How it Works
Delectrik’s products are based on vanadium redox chemistry and falls into the general class of redox flow batteries. This class of battery employs an electrolyte where energy is stored and a cell stack where energy conversion occurs. Energy is stored chemically in different ionic forms of vanadium in a dilute acid electrolyte. The electrolyte is pumped from separate plastic storage tanks into flow cells across a membrane where one form of electrolyte is electrochemically oxidized, and the other is electrochemically reduced. This creates a current that is collected by electrodes and made available to an external circuit. The reaction is reversible allowing the battery to be charged and discharged.
The redox flow battery is made up of two reservoirs to house the two different electrolyte solutions, and a “stack” of cells. Each cell has two half-cells, separated by a membrane and two current-collecting electrodes. One of the two different ionic forms of the electrolyte is in each half-cell. The positive and negative half-cells contain the electrolyte as Vanadium (IV/V) and Vanadium (II/III) redox couples, respectively. A pump supplies electrolyte to each half-cell, in a closed loop with the half-cell reservoir.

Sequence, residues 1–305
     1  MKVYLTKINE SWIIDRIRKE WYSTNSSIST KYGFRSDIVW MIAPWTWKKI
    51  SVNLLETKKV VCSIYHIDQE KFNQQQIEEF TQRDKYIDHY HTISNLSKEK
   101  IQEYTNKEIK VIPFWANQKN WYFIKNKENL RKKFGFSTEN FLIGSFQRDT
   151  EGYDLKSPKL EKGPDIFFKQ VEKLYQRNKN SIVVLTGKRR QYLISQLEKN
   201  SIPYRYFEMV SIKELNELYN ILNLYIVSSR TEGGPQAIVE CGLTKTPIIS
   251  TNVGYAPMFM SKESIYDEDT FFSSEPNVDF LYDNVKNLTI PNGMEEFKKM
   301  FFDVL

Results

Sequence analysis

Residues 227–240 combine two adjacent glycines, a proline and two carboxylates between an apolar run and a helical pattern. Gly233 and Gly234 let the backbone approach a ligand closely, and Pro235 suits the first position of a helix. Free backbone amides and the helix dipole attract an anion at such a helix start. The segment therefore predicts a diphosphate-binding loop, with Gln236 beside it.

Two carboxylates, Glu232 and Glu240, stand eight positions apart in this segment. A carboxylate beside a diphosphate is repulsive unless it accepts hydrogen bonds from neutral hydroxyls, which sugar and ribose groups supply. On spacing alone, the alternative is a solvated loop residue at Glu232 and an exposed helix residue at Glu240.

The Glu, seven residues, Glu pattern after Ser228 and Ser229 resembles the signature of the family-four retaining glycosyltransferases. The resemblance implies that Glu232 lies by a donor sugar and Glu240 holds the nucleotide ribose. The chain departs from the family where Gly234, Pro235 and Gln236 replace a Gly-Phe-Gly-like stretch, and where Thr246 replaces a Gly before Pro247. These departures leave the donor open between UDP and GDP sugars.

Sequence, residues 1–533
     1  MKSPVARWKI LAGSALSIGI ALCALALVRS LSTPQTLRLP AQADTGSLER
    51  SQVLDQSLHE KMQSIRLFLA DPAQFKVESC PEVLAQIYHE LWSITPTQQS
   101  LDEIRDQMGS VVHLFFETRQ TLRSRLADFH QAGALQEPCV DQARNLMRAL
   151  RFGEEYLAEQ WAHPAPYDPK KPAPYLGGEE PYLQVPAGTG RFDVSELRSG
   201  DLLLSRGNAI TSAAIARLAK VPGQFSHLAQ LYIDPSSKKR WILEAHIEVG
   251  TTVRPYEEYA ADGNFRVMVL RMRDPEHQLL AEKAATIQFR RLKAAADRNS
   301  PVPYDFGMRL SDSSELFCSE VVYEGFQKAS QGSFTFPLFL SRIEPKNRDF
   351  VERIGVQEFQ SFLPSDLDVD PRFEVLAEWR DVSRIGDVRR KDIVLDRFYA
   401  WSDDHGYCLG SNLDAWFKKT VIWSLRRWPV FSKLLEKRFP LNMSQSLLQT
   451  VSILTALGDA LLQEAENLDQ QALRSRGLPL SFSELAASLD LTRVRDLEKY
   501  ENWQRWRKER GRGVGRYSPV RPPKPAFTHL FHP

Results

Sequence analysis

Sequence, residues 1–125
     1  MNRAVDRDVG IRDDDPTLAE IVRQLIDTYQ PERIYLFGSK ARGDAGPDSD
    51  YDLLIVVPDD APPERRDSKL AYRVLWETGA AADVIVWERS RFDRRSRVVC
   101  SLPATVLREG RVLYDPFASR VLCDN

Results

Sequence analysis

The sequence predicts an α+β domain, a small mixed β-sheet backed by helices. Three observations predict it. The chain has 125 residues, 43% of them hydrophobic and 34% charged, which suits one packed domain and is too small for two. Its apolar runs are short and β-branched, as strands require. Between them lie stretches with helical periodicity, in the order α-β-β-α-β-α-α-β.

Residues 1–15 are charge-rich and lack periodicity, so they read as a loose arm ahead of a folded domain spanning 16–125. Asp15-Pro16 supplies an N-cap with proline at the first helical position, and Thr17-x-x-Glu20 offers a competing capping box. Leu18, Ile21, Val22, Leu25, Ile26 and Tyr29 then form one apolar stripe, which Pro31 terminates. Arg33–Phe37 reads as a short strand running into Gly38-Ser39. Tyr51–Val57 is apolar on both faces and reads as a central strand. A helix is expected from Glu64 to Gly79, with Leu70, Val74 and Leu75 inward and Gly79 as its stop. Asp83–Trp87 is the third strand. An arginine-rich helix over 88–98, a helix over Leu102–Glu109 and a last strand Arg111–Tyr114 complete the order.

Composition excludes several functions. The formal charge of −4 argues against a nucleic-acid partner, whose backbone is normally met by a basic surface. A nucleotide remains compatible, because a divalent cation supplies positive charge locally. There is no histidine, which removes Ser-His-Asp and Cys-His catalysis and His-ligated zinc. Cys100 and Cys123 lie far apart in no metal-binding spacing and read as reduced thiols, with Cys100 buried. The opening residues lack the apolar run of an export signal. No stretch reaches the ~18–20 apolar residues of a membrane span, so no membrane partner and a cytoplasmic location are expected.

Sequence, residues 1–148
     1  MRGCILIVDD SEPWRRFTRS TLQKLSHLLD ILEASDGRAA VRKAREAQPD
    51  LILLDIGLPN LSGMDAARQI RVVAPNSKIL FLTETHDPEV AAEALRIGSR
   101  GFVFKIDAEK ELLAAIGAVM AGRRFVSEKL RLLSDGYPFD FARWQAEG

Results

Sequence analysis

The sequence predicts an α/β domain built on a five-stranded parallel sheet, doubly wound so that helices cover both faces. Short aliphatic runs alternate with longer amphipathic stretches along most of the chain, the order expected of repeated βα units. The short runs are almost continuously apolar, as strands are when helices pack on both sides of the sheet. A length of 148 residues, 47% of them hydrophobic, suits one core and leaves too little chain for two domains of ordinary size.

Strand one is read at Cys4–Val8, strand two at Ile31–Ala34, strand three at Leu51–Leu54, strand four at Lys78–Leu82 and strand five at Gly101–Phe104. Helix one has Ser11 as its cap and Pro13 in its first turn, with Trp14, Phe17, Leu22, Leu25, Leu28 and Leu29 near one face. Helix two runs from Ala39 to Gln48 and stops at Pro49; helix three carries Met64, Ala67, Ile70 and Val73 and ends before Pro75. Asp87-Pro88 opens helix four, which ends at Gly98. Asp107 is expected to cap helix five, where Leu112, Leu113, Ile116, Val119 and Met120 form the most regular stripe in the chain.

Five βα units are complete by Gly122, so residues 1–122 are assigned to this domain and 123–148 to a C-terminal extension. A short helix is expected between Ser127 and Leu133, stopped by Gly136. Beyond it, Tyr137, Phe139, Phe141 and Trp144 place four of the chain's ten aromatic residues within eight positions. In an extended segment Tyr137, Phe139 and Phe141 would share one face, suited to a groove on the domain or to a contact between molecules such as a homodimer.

In the RFB the cells in the stack are electrically connected in series to build the stack voltage and hydraulic connection by the electrolyte is in a parallel fashion. The current density is determined by the surface area of the current collectors within the cell, but the supply of current depends on the electrolyte flow through the cells, and not on the stack itself.